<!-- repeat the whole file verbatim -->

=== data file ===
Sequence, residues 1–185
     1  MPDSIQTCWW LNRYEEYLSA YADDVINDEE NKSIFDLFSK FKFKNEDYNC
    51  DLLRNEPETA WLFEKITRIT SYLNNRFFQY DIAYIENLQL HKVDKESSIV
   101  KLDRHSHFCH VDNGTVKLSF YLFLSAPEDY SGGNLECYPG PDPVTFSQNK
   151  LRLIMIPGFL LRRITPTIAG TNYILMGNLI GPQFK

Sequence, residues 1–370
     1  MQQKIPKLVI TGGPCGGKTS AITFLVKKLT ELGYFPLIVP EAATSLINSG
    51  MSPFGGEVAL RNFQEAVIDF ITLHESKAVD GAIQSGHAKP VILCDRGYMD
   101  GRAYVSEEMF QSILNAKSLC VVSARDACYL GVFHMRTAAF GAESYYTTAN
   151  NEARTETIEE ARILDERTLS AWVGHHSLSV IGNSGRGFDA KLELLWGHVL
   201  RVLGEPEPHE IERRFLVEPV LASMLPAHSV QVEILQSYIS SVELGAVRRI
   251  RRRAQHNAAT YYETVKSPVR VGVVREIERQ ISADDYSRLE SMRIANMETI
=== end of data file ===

Sequence, residues 1–185
     1  MPDSIQTCWW LNRYEEYLSA YADDVINDEE NKSIFDLFSK FKFKNEDYNC
    51  DLLRNEPETA WLFEKITRIT SYLNNRFFQY DIAYIENLQL HKVDKESSIV
   101  KLDRHSHFCH VDNGTVKLSF YLFLSAPEDY SGGNLECYPG PDPVTFSQNK
   151  LRLIMIPGFL LRRITPTIAG TNYILMGNLI GPQFK

Sequence, residues 1–370
     1  MQQKIPKLVI TGGPCGGKTS AITFLVKKLT ELGYFPLIVP EAATSLINSG
    51  MSPFGGEVAL RNFQEAVIDF ITLHESKAVD GAIQSGHAKP VILCDRGYMD
   101  GRAYVSEEMF QSILNAKSLC VVSARDACYL GVFHMRTAAF GAESYYTTAN
   151  NEARTETIEE ARILDERTLS AWVGHHSLSV IGNSGRGFDA KLELLWGHVL
   201  RVLGEPEPHE IERRFLVEPV LASMLPAHSV QVEILQSYIS SVELGAVRRI
   251  RRRAQHNAAT YYETVKSPVR VGVVREIERQ ISADDYSRLE SMRIANMETI